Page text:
When I was being interviewed for the Rhodes Scholarship, I spent some time in the interview “waiting room” with another candidate who was extremely impressive. He was a Canadian who had gone to Yale; he was a rower, he was very well spoken, and so on. So we chatted for a while and I started thinking “This is never going to work. This guy is much more impressive than I am.”  So I just decided that instead of going into my own interview with any kind of an agenda or plan I was just going to go in and have a nice chat with the interviewers so I could go on with my day, as it was obvious to me I was never going to get to Oxford. So I went in and had that nice chat. And I won the scholarship, purely because I decided to just be myself.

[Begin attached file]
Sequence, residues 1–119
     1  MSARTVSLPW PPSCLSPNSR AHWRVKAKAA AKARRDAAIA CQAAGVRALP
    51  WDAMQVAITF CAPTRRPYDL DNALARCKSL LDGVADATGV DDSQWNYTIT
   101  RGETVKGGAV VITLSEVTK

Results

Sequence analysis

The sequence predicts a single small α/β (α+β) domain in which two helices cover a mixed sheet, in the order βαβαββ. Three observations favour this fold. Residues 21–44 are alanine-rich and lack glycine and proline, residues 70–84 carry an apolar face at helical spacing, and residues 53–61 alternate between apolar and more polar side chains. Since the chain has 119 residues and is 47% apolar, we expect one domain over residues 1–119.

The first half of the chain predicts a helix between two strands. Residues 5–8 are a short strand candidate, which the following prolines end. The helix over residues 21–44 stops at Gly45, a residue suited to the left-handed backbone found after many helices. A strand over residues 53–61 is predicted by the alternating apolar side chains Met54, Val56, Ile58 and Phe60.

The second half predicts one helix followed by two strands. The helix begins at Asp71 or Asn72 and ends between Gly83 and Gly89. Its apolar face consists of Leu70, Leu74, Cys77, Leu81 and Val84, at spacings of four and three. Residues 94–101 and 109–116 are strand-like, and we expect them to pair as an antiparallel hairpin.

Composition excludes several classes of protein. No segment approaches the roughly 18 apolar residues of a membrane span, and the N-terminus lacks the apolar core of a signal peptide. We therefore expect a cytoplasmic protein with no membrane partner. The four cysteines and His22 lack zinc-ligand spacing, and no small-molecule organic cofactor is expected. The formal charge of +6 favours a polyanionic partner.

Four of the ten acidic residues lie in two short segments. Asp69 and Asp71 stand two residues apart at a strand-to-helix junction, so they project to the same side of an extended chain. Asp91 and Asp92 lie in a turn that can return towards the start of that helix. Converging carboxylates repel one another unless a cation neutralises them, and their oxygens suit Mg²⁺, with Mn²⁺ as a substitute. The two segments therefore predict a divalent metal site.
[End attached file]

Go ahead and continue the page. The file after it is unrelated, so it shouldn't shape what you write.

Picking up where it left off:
4. How important is doing proper legal research and how should law students equip themselves with legal research skills?

It is critical. But you have to know what those skills are. In American law schools we still teach law students to research and write briefs and memos just like we might have in the late 19th century, or the earlytomid-20th. But I wonder whether that is  the right strategy any more. Legal employers, law firms  and courts need much shorter documents these days and law students need to know how to write in other formats that are quicker to produce and quicker to read. Law students also need to know their way around the internet – and I mean the real internet, not the expensive pay databases. We do not teach them those things in class. On JURIST, however, our law student staffers learn real-time legal research skills locating material literally as it comes online as events unfold and decisions are handed down, and they learn to write about it quick, succinctly, and in plain English. I think that is the wave of the future. So on JURIST, we teach our student staff legal research and writing skills for the 21st century, not the 19th.